All deck plan pages include basic statistical information, such as:
- year built, vessel class and sister ships (among the fleets of all lines).
- total number of cabins, plus number per type (Inside, OceanView/RiverView, Balcony, Suite).
- capacity - passengers (normal and max/double occupancy) and crew capacity.
- number of passenger accessible decks, number (in any) of swimming pools and whirlpools (hot tubs), passenger elevators, water-slides.
- On some ships is additionally provided information regarding name origin/meaning, service history, fun facts.
Whatever sort of cruise you choose – resort-style, boutique-luxury, leisurely river or adventure – you want to make the most of your precious time on board. And if you are cruising for the first time, there are lots of things you can do to save time and money that might not apply to land-based holidays.
Talking of balconies, a balcony cabin does cost more than an inside or oceanview cabin, but for a extra few dollars a day a balcony cabin more than repays the cost in quality of cruise life – you have uncrowded sea and port views, fresh air whenever you want, and the luxury of privacy. Go for cruise ship cabin plans first.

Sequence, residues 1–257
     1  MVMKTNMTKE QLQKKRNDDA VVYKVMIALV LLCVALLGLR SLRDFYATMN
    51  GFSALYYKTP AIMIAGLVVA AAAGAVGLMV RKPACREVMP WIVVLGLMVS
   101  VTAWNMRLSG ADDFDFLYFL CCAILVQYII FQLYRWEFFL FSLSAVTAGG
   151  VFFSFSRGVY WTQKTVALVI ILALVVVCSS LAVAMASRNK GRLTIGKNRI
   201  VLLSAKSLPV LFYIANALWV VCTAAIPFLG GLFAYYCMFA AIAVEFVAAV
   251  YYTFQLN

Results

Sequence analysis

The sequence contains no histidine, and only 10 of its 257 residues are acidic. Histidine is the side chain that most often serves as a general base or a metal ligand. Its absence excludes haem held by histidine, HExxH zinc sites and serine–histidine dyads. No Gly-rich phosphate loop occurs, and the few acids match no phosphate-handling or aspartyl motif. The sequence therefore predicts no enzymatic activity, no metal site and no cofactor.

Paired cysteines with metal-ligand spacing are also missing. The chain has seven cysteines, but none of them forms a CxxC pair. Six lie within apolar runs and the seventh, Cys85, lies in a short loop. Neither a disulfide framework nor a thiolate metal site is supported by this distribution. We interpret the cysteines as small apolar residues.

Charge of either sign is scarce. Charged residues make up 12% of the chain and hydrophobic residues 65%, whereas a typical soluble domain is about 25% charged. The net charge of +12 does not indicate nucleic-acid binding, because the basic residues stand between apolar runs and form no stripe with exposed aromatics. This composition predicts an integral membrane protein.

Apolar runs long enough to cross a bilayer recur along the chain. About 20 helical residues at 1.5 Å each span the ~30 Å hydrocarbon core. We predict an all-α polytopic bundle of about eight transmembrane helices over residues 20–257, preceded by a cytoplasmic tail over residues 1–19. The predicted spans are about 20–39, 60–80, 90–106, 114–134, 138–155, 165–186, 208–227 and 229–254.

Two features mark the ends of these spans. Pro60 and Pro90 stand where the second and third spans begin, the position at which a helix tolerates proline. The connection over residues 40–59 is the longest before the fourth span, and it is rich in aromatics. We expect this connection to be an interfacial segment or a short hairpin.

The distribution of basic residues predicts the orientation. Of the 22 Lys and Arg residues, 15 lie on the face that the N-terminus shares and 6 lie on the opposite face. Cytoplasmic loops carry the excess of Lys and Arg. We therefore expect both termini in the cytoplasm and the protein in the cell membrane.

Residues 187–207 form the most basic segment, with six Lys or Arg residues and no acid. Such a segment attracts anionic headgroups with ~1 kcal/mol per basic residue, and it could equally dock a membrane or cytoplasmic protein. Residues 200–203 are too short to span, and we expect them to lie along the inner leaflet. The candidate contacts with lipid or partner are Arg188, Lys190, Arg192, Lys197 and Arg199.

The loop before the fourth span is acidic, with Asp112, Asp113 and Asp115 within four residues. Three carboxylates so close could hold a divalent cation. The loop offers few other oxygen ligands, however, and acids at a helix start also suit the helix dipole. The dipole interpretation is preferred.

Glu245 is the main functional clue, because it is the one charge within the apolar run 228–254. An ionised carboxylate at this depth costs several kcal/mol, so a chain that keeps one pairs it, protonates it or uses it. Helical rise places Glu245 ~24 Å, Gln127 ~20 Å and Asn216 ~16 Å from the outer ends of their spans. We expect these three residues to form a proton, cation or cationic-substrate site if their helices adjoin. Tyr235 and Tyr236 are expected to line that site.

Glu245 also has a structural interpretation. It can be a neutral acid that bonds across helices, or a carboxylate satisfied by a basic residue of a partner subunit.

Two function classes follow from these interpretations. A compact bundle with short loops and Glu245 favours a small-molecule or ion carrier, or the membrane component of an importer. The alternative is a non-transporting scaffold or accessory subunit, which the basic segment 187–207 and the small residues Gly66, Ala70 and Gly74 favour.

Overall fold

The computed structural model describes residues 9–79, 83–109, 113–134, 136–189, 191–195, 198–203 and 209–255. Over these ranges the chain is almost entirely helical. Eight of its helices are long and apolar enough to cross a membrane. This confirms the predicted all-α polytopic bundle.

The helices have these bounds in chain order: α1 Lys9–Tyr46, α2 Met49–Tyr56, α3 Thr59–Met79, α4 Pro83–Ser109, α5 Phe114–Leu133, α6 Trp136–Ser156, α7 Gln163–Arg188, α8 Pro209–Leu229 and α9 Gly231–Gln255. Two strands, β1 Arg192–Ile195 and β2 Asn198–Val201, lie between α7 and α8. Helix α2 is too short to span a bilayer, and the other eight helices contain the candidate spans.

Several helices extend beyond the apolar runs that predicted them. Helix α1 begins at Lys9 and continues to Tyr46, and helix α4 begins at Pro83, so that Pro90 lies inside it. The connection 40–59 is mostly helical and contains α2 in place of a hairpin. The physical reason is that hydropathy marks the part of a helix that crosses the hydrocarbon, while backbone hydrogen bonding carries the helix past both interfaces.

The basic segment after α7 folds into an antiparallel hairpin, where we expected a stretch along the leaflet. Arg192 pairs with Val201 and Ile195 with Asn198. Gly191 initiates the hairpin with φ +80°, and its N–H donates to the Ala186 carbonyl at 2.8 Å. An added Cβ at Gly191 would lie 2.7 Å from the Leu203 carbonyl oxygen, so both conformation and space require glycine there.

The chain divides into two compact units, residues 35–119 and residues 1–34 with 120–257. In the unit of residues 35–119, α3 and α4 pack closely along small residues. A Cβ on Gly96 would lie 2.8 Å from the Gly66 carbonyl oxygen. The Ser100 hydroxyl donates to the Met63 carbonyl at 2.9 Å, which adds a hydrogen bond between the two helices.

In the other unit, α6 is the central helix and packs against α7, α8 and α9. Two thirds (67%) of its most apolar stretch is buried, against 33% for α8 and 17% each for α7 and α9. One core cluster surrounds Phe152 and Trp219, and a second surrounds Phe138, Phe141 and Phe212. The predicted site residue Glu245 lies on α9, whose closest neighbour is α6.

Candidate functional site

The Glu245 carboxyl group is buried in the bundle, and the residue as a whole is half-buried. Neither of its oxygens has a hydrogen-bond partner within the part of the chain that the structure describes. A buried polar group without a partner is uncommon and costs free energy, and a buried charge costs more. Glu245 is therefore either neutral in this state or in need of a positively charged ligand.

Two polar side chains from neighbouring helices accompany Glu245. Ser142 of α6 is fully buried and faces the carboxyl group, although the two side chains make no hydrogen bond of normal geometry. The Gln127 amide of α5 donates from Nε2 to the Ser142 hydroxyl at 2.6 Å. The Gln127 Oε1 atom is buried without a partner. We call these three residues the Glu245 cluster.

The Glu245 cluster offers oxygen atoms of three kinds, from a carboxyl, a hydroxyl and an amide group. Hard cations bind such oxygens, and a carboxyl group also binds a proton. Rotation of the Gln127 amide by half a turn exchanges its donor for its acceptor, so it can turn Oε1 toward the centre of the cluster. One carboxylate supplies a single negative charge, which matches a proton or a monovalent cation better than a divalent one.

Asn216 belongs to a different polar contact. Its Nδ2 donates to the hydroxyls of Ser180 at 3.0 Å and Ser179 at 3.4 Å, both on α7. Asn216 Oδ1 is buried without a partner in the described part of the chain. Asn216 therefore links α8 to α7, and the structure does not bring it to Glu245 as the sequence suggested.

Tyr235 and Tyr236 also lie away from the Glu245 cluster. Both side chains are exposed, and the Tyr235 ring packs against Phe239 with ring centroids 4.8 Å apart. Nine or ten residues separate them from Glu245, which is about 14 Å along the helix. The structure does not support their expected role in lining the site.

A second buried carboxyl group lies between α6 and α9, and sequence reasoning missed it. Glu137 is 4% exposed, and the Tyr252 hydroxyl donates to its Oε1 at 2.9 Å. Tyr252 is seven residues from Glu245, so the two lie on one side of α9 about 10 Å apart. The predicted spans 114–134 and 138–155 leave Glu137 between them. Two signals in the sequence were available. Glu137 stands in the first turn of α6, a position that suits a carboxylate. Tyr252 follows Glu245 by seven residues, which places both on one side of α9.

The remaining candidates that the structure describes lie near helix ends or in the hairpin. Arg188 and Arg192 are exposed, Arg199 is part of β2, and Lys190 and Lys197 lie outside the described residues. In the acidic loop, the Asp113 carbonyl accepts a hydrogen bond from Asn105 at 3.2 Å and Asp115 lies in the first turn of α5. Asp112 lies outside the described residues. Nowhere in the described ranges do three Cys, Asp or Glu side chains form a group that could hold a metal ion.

While we are talking pre-cruise homework, taking out cruise-specific travel insurance is advisable; even if you are not leaving Australian waters, Medicare and private-health policies do not cover medical expenses, which can be enormous on cruises. A good policy will also cover your expenses for cruises that are cancelled, unforeseen flight delays that mean you miss the ships departure and pre-paid port excursions that might have to be missed because of weather or sea conditions.